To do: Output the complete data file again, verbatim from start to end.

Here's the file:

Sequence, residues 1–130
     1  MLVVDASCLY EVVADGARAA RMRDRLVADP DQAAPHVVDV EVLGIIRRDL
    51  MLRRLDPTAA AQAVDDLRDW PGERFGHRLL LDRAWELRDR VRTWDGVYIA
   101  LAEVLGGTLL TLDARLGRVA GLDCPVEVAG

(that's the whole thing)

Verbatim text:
Sequence, residues 1–130
     1  MLVVDASCLY EVVADGARAA RMRDRLVADP DQAAPHVVDV EVLGIIRRDL
    51  MLRRLDPTAA AQAVDDLRDW PGERFGHRLL LDRAWELRDR VRTWDGVYIA
   101  LAEVLGGTLL TLDARLGRVA GLDCPVEVAG